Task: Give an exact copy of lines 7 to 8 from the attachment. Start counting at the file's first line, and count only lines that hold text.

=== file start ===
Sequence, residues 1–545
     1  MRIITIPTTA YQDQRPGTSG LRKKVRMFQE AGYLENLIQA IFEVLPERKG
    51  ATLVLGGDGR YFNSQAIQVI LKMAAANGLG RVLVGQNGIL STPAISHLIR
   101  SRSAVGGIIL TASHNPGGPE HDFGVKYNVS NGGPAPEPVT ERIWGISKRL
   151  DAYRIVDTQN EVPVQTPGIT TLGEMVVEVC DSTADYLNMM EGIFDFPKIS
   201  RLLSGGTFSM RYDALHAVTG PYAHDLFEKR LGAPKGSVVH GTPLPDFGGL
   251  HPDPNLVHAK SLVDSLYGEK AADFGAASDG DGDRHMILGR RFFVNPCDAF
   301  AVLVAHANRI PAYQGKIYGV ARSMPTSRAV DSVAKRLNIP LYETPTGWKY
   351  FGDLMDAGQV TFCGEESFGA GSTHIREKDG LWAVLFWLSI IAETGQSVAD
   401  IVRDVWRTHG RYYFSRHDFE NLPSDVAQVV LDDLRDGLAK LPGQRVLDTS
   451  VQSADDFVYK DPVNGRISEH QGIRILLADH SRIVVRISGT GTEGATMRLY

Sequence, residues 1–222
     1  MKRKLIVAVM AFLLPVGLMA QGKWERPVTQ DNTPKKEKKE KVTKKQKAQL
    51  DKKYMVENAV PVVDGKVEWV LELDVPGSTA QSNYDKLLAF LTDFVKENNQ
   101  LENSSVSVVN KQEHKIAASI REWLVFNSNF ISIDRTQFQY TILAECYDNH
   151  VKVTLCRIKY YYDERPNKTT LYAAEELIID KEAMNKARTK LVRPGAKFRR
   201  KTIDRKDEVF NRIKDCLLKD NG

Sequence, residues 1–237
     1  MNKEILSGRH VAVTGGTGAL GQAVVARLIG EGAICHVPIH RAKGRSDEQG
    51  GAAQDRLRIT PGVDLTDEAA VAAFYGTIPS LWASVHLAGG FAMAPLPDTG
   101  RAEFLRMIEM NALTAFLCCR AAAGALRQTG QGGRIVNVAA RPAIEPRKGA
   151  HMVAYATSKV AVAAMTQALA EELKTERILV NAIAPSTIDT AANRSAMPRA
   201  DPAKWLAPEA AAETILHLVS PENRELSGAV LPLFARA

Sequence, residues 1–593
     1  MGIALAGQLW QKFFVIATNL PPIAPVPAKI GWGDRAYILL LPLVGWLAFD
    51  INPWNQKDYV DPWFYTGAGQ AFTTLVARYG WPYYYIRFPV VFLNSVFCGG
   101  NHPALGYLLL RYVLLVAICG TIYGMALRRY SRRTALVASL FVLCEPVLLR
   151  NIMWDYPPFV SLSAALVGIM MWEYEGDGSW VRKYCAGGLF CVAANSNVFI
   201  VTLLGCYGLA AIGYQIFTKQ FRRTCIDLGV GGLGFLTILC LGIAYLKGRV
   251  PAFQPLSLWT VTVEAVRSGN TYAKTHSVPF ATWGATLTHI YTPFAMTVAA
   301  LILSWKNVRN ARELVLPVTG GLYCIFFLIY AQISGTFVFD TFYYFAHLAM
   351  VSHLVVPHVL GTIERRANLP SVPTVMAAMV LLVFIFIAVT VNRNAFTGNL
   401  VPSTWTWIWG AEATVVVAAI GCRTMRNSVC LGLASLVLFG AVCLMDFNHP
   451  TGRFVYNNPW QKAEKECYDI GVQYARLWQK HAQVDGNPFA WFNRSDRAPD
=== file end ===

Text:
   251  HPDPNLVHAK SLVDSLYGEK AADFGAASDG DGDRHMILGR RFFVNPCDAF
   301  AVLVAHANRI PAYQGKIYGV ARSMPTSRAV DSVAKRLNIP LYETPTGWKY